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Senior ladies

Age may be just a number, but whether that number is a joy or a challenge depends on making healthy choices as the years tick by. September is Healthy Aging Month so now is a good time to consider the many ways to make those senior years more rewarding.

Interestingly, studies have found that many people feel younger than their chronological age, giving some credence to the idea that 80 is the new 65. That youthful attitude is correlated with positive outcomes, including a lower likelihood of developing dementia.

What other positive steps can you take to age healthfully and happily? Check out these suggestions.

Choose a fiber-rich diet of whole foods. That means loading up on vegetables, nuts, fruits, lean meats and whole grains, and going easy on packaged foods, fatty meats, butter and sugar. This Mediterranean-style diet can also be protective against heart disease, Alzheimer’s disease and other age-related illnesses.

Consider supplements. While it’s best to get nutrition from food, not vitamin pills, seniors may need to supplement with additional calcium, Vitamin D, Vitamin B12 and Vitamin B6. The scientific evidence is divided on supplements, however, so this a call you should make with your physician.

Get regular exercise. Walking is an excellent activity for senior citizens, with lots of positive outcomes including brain health, weight control, strong bones and muscles, improved mood and better sleep. Tai chi—a gentle Chinese exercise that involves deep breathing and slow movements—is another great option for older adults. It improves balance and flexibility while strengthening muscles and increasing flexibility.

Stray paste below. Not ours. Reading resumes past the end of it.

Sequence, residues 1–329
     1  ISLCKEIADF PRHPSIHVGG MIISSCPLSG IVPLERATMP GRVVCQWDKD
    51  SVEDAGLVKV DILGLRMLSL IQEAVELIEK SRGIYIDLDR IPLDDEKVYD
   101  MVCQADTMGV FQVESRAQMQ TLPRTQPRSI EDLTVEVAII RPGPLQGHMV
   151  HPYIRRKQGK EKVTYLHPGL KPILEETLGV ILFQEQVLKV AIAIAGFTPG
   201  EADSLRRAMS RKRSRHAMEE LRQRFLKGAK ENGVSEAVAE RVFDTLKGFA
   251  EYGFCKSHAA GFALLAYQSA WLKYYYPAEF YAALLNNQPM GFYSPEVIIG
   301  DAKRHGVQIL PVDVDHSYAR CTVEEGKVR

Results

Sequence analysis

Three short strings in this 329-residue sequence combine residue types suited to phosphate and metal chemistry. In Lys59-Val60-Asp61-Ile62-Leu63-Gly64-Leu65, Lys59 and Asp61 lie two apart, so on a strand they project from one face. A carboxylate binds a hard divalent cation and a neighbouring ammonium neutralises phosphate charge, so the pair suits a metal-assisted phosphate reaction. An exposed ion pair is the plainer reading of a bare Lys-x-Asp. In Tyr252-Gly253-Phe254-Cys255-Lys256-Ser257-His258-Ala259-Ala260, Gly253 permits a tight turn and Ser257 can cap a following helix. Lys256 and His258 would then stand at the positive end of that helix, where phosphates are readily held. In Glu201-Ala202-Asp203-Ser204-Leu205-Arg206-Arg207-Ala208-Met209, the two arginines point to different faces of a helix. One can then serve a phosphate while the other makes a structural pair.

Sleep well. Getting good sleep can be particularly challenging for older adults, who may have a hard time falling and staying asleep. Avoiding daytime naps longer than 20 minutes, checking with your doctor to see if your medications are causing wakefulness and avoiding alcohol and caffeine in the evening may help.

Stay connected. It’s estimated that 40 percent of Americans older than 65 are chronically lonely, yet studies indicate that relationships are essential to healthy aging. Replenishing your friendships, cultivating younger friends, and participating in volunteer activities are good ways to renew our connections to others as we age.

Those strong social ties also are powerful medicine. People with strong relationships tend to live longer, even if they have bad health habits. And a study of 2,320 male heart-attack survivors found the ones with strong personal relationships were most likely to stay alive during the following three years.

Maintain a Sense of Purpose. Seniors with a sense of purpose in life are less likely to experience heart attacks, strokes, disabilities, mild cognitive impairment or Alzheimer’s Disease, according to dozens of studies. This can be accomplished by volunteering, caring for grandchildren or getting involved in a community—anything the allows older people to feel like they play a valuable part in the lives of others.

One excellent way to check off all the boxes for healthy aging is to choose a senior living community when life alone or as a couple becomes too challenging. While there are services available to those who live independently thanks to the Naperville Senior Center, the Naperville Park District and other senior-focused offerings, a senior living community such as Monarch Landing can provide support in every area of healthy aging, from delicious food to medical care to exercise and dozens of activities that ensure continuous opportunities for connection, friendship and fun.

After all, if age is just a number, why not make the most of it?